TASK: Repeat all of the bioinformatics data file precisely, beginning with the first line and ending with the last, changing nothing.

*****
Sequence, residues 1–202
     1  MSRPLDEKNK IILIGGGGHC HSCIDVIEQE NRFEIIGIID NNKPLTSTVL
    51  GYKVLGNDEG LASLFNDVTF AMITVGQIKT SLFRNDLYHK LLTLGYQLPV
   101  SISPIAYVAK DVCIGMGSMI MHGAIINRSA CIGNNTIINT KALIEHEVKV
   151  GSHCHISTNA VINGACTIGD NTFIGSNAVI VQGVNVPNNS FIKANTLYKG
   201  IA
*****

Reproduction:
Sequence, residues 1–202
     1  MSRPLDEKNK IILIGGGGHC HSCIDVIEQE NRFEIIGIID NNKPLTSTVL
    51  GYKVLGNDEG LASLFNDVTF AMITVGQIKT SLFRNDLYHK LLTLGYQLPV
   101  SISPIAYVAK DVCIGMGSMI MHGAIINRSA CIGNNTIINT KALIEHEVKV
   151  GSHCHISTNA VINGACTIGD NTFIGSNAVI VQGVNVPNNS FIKANTLYKG
   201  IA